Anger-Management/Emotional Regulation

Learning to tolerate and regulate one's negative emotions (e.g. frustration, anger, etc.) is a developmental skill that often takes time and practice to master. If your child is exhibiting significant anger outbursts, or appears to "go from 0 to 60" when frustrated, he or she may benefit from learning more sophisticated self-regulation strategies. Below are some tips to help foster the development of self-regulation and anger management skills in your child.

(*Note- If your child is demonstrating increased anger/irritability which represents a significant change from his/her previous functioning, he/she may be reacting to a current stressor, or may be struggling with depression or other emotional/psychological concern. In this case, a professional consultation is strongly recommended.)

Tips to Assist Children in Self-Regulation:

  1. Label emotions. This may seem obvious, however children who are quick to anger or who have low frustration tolerance are often more engaged in their activity and less aware of their emotional state. Try to help them to develop a self-awareness of their emotions, with appropriate verbal labels (such as 'angry', 'frustrated', 'disappointed', etc.). Younger children may benefit from visual pictures such as faces, numbers, or other illustrations to represent emotional states.
  2. Attempt to catch children before they reach a high level of anger or frustration. Assist them to develop a self-awareness as to when they are 'amping up', or experiencing the mild to moderate frustration that occurs prior to an outburst.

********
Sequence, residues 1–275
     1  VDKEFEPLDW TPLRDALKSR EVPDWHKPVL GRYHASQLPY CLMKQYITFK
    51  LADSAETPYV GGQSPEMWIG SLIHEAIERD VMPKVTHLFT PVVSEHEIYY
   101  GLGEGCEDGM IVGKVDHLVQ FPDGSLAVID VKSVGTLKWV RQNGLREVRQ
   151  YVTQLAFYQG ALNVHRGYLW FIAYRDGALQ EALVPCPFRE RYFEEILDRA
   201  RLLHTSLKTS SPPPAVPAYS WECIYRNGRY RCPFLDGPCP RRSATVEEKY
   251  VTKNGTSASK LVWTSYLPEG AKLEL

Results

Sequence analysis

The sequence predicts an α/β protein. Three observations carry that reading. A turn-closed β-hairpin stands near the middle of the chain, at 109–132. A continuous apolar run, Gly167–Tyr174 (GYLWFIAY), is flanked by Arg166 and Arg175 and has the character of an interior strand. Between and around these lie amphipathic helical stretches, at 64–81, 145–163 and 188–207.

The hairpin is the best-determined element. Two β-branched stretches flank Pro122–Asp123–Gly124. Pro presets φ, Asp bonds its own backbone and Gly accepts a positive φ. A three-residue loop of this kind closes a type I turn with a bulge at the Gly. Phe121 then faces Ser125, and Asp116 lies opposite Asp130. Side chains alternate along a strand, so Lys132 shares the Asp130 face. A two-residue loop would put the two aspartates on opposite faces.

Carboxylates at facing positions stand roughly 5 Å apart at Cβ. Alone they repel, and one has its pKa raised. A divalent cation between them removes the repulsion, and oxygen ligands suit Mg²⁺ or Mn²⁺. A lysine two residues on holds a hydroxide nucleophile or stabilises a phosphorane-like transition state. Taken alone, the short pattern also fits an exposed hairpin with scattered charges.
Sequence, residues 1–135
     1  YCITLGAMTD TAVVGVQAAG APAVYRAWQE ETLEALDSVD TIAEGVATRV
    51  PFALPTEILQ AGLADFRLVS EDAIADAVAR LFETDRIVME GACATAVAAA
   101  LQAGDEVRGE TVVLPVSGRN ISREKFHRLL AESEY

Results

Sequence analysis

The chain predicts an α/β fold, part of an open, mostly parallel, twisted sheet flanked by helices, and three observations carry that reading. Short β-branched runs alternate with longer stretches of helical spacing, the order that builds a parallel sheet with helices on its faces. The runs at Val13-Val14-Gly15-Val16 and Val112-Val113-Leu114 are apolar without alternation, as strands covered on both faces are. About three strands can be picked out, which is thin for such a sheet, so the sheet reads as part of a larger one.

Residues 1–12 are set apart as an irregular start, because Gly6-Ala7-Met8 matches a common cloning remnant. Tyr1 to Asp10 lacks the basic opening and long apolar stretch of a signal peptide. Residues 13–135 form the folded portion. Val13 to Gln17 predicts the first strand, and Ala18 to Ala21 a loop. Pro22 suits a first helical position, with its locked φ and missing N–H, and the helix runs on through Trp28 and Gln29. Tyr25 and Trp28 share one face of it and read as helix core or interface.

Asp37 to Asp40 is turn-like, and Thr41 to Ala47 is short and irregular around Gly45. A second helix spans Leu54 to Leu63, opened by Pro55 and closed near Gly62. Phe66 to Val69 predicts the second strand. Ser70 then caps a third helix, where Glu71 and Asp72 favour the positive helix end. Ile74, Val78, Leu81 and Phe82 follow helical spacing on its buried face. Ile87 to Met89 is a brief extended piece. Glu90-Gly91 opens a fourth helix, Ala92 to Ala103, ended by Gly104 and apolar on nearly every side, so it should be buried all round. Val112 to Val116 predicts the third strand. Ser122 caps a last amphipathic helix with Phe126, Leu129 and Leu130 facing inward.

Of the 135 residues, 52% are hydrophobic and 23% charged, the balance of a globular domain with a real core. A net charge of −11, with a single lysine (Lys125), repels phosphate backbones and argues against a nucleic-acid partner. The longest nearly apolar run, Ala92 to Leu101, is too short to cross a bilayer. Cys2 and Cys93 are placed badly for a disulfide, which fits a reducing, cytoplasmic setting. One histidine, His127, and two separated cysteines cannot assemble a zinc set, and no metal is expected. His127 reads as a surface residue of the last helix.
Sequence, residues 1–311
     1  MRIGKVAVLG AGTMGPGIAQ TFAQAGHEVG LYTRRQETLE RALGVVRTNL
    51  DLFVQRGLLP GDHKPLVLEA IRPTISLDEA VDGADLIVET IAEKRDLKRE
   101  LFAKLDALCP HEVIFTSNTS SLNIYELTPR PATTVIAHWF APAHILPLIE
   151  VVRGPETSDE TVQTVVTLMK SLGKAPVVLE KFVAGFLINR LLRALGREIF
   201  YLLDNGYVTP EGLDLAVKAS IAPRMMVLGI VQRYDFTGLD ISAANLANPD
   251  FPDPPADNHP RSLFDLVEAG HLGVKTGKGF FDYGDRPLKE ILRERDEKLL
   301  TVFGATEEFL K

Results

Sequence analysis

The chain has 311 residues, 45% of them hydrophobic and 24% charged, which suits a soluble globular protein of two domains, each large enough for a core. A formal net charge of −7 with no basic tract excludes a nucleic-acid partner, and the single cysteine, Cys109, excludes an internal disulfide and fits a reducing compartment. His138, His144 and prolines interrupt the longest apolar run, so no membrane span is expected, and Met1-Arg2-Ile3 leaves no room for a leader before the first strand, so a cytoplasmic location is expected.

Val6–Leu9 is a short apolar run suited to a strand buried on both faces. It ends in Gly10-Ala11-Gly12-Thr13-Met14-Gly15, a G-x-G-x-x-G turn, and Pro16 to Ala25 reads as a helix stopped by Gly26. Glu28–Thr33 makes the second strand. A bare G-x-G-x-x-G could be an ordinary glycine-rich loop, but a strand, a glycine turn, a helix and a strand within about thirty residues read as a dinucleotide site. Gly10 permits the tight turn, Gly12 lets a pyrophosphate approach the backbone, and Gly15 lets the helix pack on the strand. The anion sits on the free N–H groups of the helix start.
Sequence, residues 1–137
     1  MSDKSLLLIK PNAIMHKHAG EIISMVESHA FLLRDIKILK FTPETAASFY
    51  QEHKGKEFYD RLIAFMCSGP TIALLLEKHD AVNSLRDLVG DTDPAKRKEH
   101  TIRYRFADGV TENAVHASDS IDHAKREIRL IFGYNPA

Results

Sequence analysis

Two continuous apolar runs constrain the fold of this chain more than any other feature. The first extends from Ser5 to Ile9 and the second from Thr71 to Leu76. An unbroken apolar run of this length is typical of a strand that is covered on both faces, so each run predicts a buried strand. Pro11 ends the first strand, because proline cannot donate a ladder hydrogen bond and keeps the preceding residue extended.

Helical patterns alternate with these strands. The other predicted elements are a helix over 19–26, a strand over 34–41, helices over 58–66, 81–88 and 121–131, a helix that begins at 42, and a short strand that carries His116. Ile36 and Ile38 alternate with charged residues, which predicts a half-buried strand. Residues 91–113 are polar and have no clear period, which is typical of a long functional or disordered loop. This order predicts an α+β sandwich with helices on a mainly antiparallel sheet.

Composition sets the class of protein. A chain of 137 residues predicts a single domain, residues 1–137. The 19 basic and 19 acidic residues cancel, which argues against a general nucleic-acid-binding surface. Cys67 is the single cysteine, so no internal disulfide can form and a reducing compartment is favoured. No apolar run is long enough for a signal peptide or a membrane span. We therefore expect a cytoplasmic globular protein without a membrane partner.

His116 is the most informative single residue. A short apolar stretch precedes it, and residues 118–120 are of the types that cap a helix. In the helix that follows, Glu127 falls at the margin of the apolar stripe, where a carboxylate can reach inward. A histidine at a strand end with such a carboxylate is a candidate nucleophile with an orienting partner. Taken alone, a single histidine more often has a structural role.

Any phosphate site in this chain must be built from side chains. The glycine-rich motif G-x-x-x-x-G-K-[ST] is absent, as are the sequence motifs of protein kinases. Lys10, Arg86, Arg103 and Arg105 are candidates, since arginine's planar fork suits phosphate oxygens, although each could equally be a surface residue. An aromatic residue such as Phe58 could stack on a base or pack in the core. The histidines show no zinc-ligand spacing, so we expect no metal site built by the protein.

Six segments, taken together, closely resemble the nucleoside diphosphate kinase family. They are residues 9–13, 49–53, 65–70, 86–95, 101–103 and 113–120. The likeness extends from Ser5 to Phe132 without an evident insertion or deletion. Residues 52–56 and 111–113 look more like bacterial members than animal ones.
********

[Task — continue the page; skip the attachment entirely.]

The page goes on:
3. Introduce and reinforce alternate strategies for children to engage in when they are experiencing mild to moderate frustration or distress. These can include: a. Using their words to express feelings, wants or needs, b. Problem-solving the situation or using flexibility to compromise surrounding the situation, c. Taking a 'breather' - walking away from the activity to take deep breaths or count to 10, d. Finding a safe and appropriate activity to release physical tension (e.g. kicking a soccer ball outside, jumping on a trampoline, punching a pillow, etc.), e. Finding a relaxing or enjoyable activity to engage in.
  4. Model your own frustration tolerance and anger management strategies, including self-talk. Talk to them when you are feeling frustrated or distressed and inform them how you intend to cope with these feelings appropriately. For example, " Oh no, I just baked muffins and they are burnt on top! I'm so frustrated! Oh well, I guess this happens to everyone sometimes, no one is perfect. I think I'll try to cut off the burnt tops so that we can enjoy the rest. Then I'm going to go water my plants because gardening is something that makes me feel happy and relaxed."
  5. Point out when others are frustrated, so that children get a sense of how 'normal' it is to feel frustration or anger. It is important that children know they are not alone in their feelings and there is nothing 'wrong' with them simply because they have not yet developed the ability to control their anger.
  6. Reward efforts rather than successes per se. This is a skill set that requires consistent effort, motivation, and practice on your child's part. Try to find ways to recognize them for attempting to engage in more appropriate behaviors, even if they are unable to exert 100% self-control.
  7. Reinforce imperfection. Many children who tend to be 'perfectionistic' often have difficulty when things don't turn out how they want it. Offer praise and encouragement to leave things imperfect, and enjoy the process rather than the outcome.